Marigold outside the famous Les Deux Garçons cafe. No, of course we didn't eat there. We're not millionaires!
Provence. Probably our favourite place. With more than a nod to New Zealand which we love, but is too far away to be seriously considered as an area to be visited and revisited.
We left the Hermitage at seven this morning in the faint hope that Nice would be traffic free. Some chance of that as it was, as ever, jammed solid. When we got to the Autoroute, almost the first thing we saw was a plane, surrounded by police cars, on the other carriageway. A light aircraft, not a Jumbo jet, but even so! It had made an emergency landing on the motorway. How exciting.
‘It’s a sign,’ I said and we got off at the next exit. Of course, that meant we had to pay at the toll booth and Marigold does not fare well at toll booths. The days of a little man saying ‘bonjour’ and patiently waiting while we find the money are long gone. Now it is a machine and machines and Marigold do not fare well together.
‘Could you say that again?’ She said.
It’s a machine,’ I say. ‘It can’t talk back.’
‘Well, I can’t tell what she says and there’s nowhere to put the money in.’
After a decent sized line of cars has built up behind us, we find out how much is required and pay. This is no easy process. We are driving a right hand drive car so the passenger has to put the money in the proper slot, collect tickets, change or whatever.
‘Push my bum,’ Marigold says, leaning dangerously far through the open car window. I push, strenuously. There are worse tasks, after all.
I push harder. She’s practically out of the car by now, but still can’t seem to get close enough. The car is only half an inch away from a vast slab of concrete, as close as I dare risk taking it, but English arms are, evidently, shorter than those of other nationalities. Eventually, the barrier goes up, I haul Marigold inside and we drive off, usually leaving any change still in the drawer to await the next customer.
Mission finally accomplished we head for the hills. Literally. Away from the coast, Provence is magical and we relive all the joys of this region in the next few hours. We know The Luberon well and that’s where we decide to go. Our route takes in the awe inspiring Gorges du Verdun and the ruined chateau of the Marquis de Sade along with a number of detours to perched hill villages which are seemingly around every bend in the road.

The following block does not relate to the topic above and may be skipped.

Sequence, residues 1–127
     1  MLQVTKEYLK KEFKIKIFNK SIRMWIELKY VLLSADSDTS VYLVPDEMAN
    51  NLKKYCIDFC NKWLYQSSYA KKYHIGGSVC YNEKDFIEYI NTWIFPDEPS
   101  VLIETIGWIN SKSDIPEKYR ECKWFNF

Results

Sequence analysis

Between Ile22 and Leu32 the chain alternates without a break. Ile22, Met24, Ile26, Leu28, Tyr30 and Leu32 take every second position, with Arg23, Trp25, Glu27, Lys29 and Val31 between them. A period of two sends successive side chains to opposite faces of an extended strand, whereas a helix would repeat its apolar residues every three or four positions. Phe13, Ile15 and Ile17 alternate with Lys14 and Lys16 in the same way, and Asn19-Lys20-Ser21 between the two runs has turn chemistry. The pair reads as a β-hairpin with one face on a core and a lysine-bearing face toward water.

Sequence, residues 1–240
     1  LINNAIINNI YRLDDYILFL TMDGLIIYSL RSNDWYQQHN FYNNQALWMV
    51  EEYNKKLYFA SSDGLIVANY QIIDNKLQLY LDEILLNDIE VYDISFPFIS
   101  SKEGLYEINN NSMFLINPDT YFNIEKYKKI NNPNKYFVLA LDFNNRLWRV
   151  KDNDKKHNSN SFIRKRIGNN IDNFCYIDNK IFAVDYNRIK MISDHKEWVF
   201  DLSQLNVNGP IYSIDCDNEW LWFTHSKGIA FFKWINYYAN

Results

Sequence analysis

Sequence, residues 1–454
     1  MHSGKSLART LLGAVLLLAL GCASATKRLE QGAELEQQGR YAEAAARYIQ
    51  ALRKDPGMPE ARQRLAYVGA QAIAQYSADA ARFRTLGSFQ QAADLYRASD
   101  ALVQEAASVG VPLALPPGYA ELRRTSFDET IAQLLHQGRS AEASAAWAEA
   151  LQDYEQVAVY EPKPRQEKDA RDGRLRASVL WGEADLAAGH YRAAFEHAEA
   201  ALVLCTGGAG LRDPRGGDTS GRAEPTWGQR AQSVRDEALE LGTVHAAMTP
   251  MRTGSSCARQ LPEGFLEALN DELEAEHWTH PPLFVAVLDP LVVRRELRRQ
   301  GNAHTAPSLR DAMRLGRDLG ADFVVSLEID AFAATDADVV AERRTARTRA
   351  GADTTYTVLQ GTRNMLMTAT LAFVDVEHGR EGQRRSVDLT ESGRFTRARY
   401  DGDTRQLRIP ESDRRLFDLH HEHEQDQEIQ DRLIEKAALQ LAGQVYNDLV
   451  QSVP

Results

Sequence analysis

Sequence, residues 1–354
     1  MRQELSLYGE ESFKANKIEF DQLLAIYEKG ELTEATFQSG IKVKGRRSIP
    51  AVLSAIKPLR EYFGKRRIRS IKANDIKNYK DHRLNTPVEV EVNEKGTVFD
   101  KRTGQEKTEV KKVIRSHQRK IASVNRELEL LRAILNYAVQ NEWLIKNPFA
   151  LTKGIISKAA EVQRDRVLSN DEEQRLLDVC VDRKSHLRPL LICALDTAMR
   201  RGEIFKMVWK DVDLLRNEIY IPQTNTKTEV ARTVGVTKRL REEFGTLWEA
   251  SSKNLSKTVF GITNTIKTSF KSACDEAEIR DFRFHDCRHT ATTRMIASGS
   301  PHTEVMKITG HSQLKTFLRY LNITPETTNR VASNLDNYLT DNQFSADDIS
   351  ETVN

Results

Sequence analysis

Lacoste was once the home of the famous, perhaps more accurately, infamous, Marquis de Sade. In the hilltop chateau that dominates the area, he staged his famous orgies. Young local girls were recruited as ‘staff’ and presumably compensated for their arduous labours. I certainly hope so.
Present day Lacoste is all cobbled streets, ancient houses and gorgeous views. John Malkovitch, Peter Mayle, Tom Stoppard all lived locally, but the castle itself was bought and restored by Pierre Cardin along with over twenty other houses, most of which now lie empty. This has not made Cardin popular locally, but as an outsider to see the old castle at least partially restored and the grounds stuffed with contemporary art on a grand scale it makes for a fascinating visit.
Onwards we go, through enchanting fields of flowers and vines, onwards to Aix en Provence with its many delights. We find a hotel within walking distance to the centre – fortunately, as it’s a hot day – and are soon wandering the side streets of this beautiful old town. As ever, we remark on the number of students, who always seem to be out and about. When do they study?
Stylish dressers abound, both sexes, the coffee houses are plentiful and food is widely available. We make our lunch venue choice and sit back to people watch. The waiter is friendly, amusing and stylish, sporting black braces and a fine moustache, (he wears other items of clothing too, not just braces,) but the food isn’t as good as we’d hoped. Ah well.
Where next, we ask. Yes, we do ask these questions of each other on a regular basis. Marigold will suggest somewhere, I will point out it is at least 500 miles away from where we are now, we have a rethink and so it goes. Tomorrow? Who knows? We’ll leave the hotel, turn one way or the other and see where we end up
It’s a good system.